The Fitz offers elevated comfort food | VailDaily.com

The Fitz offers elevated comfort food

Kim Fuller
EAT magazine
If you go ... What: The Fitz Bar & Restaurant, a mountain gastropub with slopeside dining room as well as a festive bar and lounge. Where: Manor Vail Lodge | 595 East Vail Valley Drive | Vail Cost: Starters and Shared Plates: $14-$18; Entrées: $18-$42 Signature dish: Rack of Lamb with Black Rice Risotto, Parmigiana and Cauliflower. More information: 970.476.4959 | thefitzvail.com

Editor’s note: This story is reprinted from EAT magazine, featuring the best restaurants in the valley. EAT is available on magazine racks and in hotel lobbies for free.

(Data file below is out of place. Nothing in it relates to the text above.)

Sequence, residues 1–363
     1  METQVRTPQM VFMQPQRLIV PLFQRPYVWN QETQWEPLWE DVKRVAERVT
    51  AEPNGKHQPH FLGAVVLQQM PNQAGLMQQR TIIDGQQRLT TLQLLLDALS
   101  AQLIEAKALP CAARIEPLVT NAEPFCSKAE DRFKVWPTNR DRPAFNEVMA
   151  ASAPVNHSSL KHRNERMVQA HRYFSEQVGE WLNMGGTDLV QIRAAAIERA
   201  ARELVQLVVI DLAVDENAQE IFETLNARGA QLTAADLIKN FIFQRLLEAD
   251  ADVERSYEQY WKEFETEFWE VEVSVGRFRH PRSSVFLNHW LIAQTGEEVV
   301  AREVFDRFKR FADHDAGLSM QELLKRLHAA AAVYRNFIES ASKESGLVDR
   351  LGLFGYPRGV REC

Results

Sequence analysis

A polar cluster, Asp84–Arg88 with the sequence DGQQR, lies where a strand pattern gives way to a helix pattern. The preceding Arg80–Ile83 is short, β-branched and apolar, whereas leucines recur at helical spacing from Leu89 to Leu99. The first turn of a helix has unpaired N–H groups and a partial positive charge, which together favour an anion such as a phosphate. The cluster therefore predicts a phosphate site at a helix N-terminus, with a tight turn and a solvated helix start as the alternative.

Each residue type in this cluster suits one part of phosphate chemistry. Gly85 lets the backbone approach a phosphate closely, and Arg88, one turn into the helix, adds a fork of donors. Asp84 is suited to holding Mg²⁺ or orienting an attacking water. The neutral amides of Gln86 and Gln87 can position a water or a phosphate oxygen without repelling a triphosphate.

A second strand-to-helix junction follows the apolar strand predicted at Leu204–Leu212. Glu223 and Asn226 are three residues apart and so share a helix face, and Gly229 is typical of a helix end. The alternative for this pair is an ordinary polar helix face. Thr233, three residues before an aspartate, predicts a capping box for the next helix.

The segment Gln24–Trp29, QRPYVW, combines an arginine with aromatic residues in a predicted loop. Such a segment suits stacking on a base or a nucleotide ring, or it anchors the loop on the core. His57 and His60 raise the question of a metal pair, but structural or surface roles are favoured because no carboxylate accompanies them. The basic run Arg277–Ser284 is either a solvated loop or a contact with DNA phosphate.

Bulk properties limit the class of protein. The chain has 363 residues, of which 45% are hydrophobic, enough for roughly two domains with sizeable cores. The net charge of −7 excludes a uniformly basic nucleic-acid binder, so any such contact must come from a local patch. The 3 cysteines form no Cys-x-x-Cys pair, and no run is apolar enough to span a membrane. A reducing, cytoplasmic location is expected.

Great chefs know that cuisine is never truly mastered because the paradigm of dining is ever-evolving. There is always something new to learn in the kitchen — a new technique to try or a fun flavor to include. This refreshing revelation gives these talented and creative chefs like Ken Butler a clean plate of possibility for every new meal, every new season. As Executive Chef at The Fitz Bar & Restaurant, Butler continues to create comfort food in an elevated way. A dining experience at The Fitz can range from a festive apres ski with friends to a couple’s more intimate date night. Guests will quickly realize that this classic Vail establishment has a fine way of honoring ski-town tradition while keeping the eats, drinks and atmosphere modern and lively. Located right across from Vail Mountain at Golden Peak, The Fitz is inside Manor Vail Lodge and has proved a welcoming destination for decades. Come in after a day of skiing and warm up by the fire with a cocktail like the Prosecco Refashioned, made with peach bitters, muddled cherry, blackberry and orange, topped playfully with bubbly wine. Butler develops his dishes the same way he creates a menu: combinations that focus on quality ingredients, balanced flavors and dynamic textures. It’s the single dimension of one element — like the raw asparagus he uses in an asparagus salad — that can be combined with another layer, then another and another, to create the perfect dish. That salad gets its depth from the citrus in the dressing, salt in the prosciutto and crunch of the asparagus. All Butler’s dishes come together this way; food that rises above just being consumed and into the relevance of table conversation. “We keep it simple,” he says, “often including just four or five ingredients to allow the food to speak for itself.” You won’t go wrong ordering from Butler’s menu, from lighter choices like roasted cauliflower or a diced ahi poke salad to more robust main dishes of roasted duck breast, rack of lamb and braised beef cheeks. And for that last dose of comfort, the s’mores cheesecake from Pastry Chef Justin Heredia is a whipped delight, complete with a brulee of marshmallow cream.